Whether fragile, charming, seductive or frightening, Themba Mbuyisa's photographs explore the various and contrasting emotions of the human condition.
Themba Mbuyisa’s approach to photography is all about uplifting the African way of life.
“From the rural areas to the cities,” he says. “I’d like to see our land and the people who inhabit it gaining more recognition that leads to positive development. I want the streets of Johannesburg to be like New York – the African way. A place where everyone has the potential to be something, regardless of their social status.”
Mbuyisa’s interest in photography began when he took a gap year while doing a BSc degree in computer science at the University of the Witwatersrand. He enrolled in a foundation course at the Market Photo Workshop in Johannesburg and, although he always had an eye for detail, he had never previously thought that he could express this through photography.
As a fashion enthusiast from Soweto, his keen interest in street style formed a natural starting point for his photographic journey. And with a habit of seeing stories everywhere he goes, his work naturally progressed to include a more documentary approach.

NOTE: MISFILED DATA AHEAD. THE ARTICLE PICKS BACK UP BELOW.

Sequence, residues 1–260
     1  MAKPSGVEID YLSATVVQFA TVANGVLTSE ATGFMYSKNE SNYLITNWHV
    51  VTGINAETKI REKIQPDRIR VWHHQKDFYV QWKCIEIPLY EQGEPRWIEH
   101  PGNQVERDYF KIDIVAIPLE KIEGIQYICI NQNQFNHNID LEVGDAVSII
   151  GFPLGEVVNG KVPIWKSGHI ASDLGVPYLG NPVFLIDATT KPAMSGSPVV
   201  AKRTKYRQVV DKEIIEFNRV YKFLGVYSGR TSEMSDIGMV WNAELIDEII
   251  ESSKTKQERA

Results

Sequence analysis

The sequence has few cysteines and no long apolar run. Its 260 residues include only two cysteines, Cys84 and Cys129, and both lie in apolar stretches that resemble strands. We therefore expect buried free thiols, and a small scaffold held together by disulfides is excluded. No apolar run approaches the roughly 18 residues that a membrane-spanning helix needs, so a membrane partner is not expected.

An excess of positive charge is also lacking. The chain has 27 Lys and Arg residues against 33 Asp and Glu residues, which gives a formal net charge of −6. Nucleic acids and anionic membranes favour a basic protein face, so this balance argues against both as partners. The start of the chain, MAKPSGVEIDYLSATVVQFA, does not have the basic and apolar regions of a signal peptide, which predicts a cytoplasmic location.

“Photography is my tool to tell stories that people haven’t heard before.”
Mbuyisa, who is driven to create photos with an emotional impact, is bemused that his work has received far greater recognition in foreign countries than it has in South Africa. This happened when he developed an online portfolio with Vogue Italia, and when he was featured in a documentary by ARD German TV.
“I honestly would have loved for all of these first-time experiences to happen in my country, or [for them to] have been provided for by the South African creative industry.”
Themba Mbuyisa’s ‘Distant Relatives 3’.
Another first for him that took place abroad was his experience of an artist’s residency in São Paulo, Brazil. He applied for the residency with a series of photographs titled Distant Relatives, which were taken in KwaZulu-Natal.
“Through this project I was raising questions about what happens when the breadwinner of a family has to leave home because they are only able to find job opportunities in the city.”
The body of work Mbuyisa created during the residency, the Most Isolated Person in the World, was a much more personal exploration of what it felt like to be so far away from home.
Whether fragile, charming, seductive or frightening, the pictures explore the various and contrasting emotions of the human condition.
The landscapes that feature in the works evoked memories for Mbuyisa, helping him to make connections between Brazil and South Africa.
Going forward, he plans to pursue his studies in the realms of design, photography and art.
Currently part of the Lumia Stories project with Nokia UK, Mbuyisa also hopes to exhibit some of his projects documenting home-grown fashion in South Africa in the near future.
As his exciting journey attests, one thing is certain: he will continue to spread his photographic stories far and wide.
For more information, visit: memoryquai.tumblr.com.